A GOOD play deserves only a good performance.

Repertory Philippine’s staging of The Bard’s Much Ado About Nothing is again another addition to its series of highly acclaimed performances.

The interlacing plots of the two love stories—that of the arrogant Benedick (Joel Trinidad) and sharp-witted Beatrice (Ana Bitong), and of the romantic Claudio (Rem Zamora) and modest Hero (Liesl Batucan); the evil machinations of the jealous Don John (Raul Montesa); and the comical heroic acts of Dogberry (Topper Fabregas) and Verges (Jejie Esguerra), were all pared down to an hour and 45 minutes without losing the essence of the story.

Most of the events in the original story are retained, like the masquerade and wooing of Hero by Don Pedro (Jeremy Domingo) for Claudio, the ingenious plan of making Benedick and Beatrice (who clash about everything) fall in love with one another, and the unjust humiliation of Hero on her wedding day.

One important scene omitted is that in Hero’s chamber, where Claudio falsely accuses Hero of entertaining another man on the eve of her wedding. Unknown to him, he is already falling into the trap of the villain Don John.

However, the subsequent dialogues of Don John’s cohorts—Borachio (Adrian Flor) and Conrad (Oneill Torres)—detailing the plot to disgrace Hero, compensate for the missing scene.

The actors have mastered the temperaments and nuances of their roles. The characters of Benedick and Beatrice are remarkably portrayed by Trinidad and Bitong.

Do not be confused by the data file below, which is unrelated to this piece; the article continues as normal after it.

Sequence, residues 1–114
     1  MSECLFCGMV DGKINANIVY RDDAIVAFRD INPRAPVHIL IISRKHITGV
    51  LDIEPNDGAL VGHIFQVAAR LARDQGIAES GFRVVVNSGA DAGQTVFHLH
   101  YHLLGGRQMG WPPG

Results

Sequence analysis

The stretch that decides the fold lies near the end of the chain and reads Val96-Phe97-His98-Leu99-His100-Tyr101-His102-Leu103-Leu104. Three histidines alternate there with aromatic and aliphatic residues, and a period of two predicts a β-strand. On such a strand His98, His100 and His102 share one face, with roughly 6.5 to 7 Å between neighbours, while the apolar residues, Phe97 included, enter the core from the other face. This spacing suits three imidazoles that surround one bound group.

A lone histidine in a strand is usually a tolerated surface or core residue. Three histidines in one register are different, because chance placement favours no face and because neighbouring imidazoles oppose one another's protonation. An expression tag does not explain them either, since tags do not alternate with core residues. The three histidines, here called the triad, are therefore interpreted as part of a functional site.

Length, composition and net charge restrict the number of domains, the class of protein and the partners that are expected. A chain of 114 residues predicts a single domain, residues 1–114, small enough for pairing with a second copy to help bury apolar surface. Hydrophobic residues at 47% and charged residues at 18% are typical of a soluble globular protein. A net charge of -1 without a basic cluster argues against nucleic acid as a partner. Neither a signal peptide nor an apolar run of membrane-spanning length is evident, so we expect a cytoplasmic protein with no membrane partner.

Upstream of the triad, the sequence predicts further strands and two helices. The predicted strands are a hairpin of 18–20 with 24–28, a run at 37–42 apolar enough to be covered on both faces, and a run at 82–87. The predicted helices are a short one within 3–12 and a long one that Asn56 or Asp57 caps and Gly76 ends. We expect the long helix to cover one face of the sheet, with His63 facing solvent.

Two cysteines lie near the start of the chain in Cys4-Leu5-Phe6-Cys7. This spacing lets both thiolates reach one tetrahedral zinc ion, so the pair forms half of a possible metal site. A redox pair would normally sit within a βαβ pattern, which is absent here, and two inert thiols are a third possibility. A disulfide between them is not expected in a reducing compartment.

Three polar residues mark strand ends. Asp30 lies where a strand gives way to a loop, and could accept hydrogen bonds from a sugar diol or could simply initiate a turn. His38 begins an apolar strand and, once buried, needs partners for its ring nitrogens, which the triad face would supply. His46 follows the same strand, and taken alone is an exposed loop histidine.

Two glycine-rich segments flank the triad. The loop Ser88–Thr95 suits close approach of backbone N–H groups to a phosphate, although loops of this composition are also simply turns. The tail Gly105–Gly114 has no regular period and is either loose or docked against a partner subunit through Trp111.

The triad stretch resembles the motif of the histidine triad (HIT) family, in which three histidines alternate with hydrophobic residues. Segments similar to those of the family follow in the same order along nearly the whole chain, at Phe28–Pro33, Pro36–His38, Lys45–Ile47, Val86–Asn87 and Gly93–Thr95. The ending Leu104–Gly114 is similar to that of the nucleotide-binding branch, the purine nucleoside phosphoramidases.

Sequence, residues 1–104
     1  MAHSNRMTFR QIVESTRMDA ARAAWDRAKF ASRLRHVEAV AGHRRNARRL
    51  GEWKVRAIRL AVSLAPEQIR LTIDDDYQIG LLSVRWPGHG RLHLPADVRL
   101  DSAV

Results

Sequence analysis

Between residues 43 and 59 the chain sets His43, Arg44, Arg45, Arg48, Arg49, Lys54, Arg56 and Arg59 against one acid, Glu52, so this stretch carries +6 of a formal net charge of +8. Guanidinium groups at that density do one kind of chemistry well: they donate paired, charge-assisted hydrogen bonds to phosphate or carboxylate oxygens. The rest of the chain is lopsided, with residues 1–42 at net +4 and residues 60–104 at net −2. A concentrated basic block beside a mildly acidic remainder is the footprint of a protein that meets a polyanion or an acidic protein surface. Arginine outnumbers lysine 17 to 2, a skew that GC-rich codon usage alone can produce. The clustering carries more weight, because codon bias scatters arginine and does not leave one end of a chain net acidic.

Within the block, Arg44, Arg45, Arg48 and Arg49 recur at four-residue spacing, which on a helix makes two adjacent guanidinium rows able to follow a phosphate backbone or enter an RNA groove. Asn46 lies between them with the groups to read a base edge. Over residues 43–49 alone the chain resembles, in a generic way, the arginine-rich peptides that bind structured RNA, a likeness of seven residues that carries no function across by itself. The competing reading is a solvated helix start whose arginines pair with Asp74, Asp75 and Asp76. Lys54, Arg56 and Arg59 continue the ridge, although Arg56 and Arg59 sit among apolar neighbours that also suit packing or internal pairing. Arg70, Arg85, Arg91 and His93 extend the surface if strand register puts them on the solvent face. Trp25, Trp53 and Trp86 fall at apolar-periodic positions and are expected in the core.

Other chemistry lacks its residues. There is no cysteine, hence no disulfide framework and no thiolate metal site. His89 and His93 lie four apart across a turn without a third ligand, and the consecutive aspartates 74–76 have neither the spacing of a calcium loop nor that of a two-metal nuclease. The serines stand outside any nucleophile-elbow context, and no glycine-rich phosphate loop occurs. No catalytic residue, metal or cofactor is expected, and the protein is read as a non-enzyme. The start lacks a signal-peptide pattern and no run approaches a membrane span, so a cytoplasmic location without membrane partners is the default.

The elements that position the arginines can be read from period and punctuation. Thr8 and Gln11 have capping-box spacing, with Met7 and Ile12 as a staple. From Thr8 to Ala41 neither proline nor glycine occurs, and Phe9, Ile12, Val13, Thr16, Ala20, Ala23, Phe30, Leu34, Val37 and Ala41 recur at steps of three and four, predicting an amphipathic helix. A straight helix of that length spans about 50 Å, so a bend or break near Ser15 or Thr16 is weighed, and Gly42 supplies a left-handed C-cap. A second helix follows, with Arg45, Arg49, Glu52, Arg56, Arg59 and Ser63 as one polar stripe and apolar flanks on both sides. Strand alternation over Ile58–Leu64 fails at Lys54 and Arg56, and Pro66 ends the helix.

On the one hand, Trinidad appears to be a copycat of Kenneth Branagh (Benedick in the 1993 movie adaptation) with his eyebrow-raising and lip curling. On the other, he shows his own brand of acting with his humorous and witty delivery of lines and coordinated body expression.

READ
Artlets dean appointed Vice-Rector for Acad Affairs

Bitong is the perfect partner for Trinidad who fits the rude and adamant character of Beatrice. As for the other pair of lovers, their characters are not much of a challenge. Zamora and Batucan effortlessly glide through their scenes.

Furthermore, the setting of the play, which is the façade of Leonato’s house surrounded by greenfileds, captures the romantic and peaceful ambience of England.

Watching the play can never substitute for Shakespeare in print, but it is a rewarding experience in itself.

LEAVE A REPLY

This site uses Akismet to reduce spam. Learn how your comment data is processed.